On 16 March 2017, RENOVATE EUROPE released a briefing note on energy poverty in the European Union: its causes, impacts and possible solutions. The briefing highlights the following:
Energy poverty is as widespread as it is devastating for those who suffer it. Countries with the poorest building stock have the highest rates of excess winter mortality. EU legislation requires all countries to define vulnerable customers in their energy market so they can be helped, but two thirds of the Member States have not yet done so. The public health consequences are as grievous as they are unnecessary.
The causes are everywhere the same: low wages, high energy bills, low quality and poor performing buildings. Around 54 million Europeans cannot afford to heat their homes in winter, and the same number are either behind with their electricity and gas bills, or live in damp and leaky homes. These problems are worst in central and eastern Europe - affecting 73% of Bulgarians, for example – but is also rife in countries such as the UK and Ireland.
Poor housing standards are a major contributory factor to ill health
Across Europe, a similar picture emerges. Countries with the poorest housing status - Portugal, Greece, Ireland and the UK – have the highest excess winter mortality rates. Positive correlations between winter deaths and environmental temperatures, coupled with negative links to thermal efficiency, indicate that poor housing standards are a major contributory factor to ill health. Given that close to 75% of homes in the EU are not energy efficient, there is a lot of work to be done.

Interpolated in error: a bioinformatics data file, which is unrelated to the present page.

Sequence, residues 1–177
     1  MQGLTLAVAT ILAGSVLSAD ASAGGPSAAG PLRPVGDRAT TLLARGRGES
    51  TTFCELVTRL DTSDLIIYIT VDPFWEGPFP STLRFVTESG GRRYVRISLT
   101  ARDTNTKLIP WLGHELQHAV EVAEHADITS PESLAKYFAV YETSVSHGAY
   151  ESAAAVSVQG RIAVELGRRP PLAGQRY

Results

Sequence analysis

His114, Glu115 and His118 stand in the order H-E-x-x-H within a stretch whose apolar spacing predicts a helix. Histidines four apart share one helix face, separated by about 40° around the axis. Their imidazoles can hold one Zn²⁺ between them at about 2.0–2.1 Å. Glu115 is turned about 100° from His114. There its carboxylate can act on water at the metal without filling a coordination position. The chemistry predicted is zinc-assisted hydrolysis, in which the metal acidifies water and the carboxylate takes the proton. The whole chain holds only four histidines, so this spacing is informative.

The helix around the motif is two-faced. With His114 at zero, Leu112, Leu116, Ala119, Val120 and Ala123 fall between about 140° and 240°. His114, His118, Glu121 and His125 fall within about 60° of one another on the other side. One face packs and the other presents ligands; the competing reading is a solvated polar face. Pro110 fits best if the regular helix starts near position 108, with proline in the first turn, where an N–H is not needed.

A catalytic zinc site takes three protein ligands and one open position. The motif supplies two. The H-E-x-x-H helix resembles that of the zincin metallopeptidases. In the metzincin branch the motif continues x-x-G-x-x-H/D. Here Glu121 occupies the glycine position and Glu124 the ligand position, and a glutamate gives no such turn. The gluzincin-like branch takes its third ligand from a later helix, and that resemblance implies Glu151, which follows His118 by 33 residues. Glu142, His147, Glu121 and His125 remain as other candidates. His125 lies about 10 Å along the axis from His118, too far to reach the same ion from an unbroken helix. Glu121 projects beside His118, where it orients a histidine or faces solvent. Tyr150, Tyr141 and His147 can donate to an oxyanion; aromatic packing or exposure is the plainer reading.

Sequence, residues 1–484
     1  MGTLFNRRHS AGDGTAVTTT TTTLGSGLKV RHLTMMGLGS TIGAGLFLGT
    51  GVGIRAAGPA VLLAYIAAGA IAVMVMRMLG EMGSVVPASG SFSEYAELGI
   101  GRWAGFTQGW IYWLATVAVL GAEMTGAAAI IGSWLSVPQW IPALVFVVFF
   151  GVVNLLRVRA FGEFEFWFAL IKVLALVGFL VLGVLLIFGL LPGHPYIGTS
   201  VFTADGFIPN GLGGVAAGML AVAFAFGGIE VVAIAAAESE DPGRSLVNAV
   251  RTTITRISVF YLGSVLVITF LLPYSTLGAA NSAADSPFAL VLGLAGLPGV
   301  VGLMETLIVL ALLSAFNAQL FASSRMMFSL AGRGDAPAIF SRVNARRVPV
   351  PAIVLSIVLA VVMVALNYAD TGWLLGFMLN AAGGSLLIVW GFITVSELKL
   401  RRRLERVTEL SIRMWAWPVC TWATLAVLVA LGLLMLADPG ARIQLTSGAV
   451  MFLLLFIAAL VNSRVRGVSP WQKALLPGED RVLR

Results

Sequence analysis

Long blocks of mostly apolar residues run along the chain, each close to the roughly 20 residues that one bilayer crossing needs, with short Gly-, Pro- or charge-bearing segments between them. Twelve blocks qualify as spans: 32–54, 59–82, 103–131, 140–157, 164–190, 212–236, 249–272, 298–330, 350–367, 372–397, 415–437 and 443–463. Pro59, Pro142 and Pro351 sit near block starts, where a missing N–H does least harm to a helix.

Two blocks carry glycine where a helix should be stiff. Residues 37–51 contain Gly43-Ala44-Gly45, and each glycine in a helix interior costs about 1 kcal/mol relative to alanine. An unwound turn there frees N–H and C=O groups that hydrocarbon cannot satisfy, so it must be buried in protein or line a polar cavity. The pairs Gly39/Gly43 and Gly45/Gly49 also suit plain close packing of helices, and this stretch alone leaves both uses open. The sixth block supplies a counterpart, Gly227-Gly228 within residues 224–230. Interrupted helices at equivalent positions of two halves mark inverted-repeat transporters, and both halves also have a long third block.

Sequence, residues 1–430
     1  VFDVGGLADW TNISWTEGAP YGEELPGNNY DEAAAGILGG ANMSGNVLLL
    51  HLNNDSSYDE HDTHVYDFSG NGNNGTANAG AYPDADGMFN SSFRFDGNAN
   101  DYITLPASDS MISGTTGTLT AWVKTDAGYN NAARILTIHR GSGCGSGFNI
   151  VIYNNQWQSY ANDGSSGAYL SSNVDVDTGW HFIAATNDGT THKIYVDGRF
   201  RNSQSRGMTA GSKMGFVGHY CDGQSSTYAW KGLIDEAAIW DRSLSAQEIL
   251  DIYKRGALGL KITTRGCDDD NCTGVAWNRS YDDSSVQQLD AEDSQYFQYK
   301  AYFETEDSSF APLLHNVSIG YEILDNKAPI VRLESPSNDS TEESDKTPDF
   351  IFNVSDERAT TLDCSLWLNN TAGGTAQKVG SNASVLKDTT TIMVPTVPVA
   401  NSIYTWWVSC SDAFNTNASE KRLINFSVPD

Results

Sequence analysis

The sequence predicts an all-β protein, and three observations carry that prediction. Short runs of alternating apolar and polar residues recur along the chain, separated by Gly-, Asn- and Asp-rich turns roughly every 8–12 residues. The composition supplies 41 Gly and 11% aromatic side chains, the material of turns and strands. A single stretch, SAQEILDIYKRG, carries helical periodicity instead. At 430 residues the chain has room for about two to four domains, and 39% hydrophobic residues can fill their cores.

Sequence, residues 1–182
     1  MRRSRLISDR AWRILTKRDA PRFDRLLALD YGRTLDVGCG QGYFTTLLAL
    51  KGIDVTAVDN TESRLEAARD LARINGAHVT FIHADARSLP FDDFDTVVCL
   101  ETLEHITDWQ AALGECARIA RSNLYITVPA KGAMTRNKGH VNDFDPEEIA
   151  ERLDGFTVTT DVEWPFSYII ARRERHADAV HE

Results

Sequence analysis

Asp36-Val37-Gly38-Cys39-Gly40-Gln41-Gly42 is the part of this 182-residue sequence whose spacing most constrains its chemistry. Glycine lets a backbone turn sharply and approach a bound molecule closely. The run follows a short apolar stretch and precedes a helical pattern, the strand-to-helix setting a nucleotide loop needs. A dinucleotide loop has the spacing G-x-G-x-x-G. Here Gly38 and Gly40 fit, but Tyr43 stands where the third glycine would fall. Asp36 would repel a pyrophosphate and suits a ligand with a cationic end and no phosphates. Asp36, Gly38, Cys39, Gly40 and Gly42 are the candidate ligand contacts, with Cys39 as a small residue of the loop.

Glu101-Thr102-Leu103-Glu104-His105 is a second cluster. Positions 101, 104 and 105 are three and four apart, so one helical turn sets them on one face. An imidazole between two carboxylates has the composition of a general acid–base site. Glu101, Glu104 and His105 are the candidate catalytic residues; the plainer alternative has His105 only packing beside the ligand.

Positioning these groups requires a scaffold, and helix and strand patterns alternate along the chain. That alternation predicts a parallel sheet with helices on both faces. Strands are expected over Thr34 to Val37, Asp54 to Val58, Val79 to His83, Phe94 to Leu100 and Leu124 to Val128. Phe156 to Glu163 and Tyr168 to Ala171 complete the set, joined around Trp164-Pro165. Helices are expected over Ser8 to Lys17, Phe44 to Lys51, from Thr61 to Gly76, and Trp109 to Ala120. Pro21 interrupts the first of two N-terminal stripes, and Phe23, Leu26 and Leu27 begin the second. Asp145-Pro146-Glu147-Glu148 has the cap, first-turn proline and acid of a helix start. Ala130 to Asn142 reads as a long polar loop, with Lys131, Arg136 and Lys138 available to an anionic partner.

Policy: Demanding the possible
All EU citizens should be able to live in decent housing that does not damage their health, social life, wellbeing or life chances. The key to doing so is sustained energy efficiency programmes which are focused on vulnerable households with simplified access to favorable financing and independent, supporting advice. A good first step would be to target this group with tailored renovation programmes under Article 7 of the Energy Efficiency Directive and within the long-term renovation strategies in the EPBD. Additional funds to help solve this challenge could be allocated as part of a revision of the EU Structural Development Funds, especially the Regional Development Fund.
Energy prices and network charges are likely to continue to increase. Member States' climate change policies have so far been largely funded through utility bills, which increase the risk of energy poverty for vulnerable customers. Unless strong energy efficiency policies targeting the worst-performing buildings are established as a legal demand in the EU legislation we are unlikely to find sustainable long-term solutions that can alleviate energy poverty on a large scale.
You can download the briefing at the relevant RENOVATE EUROPE webpage.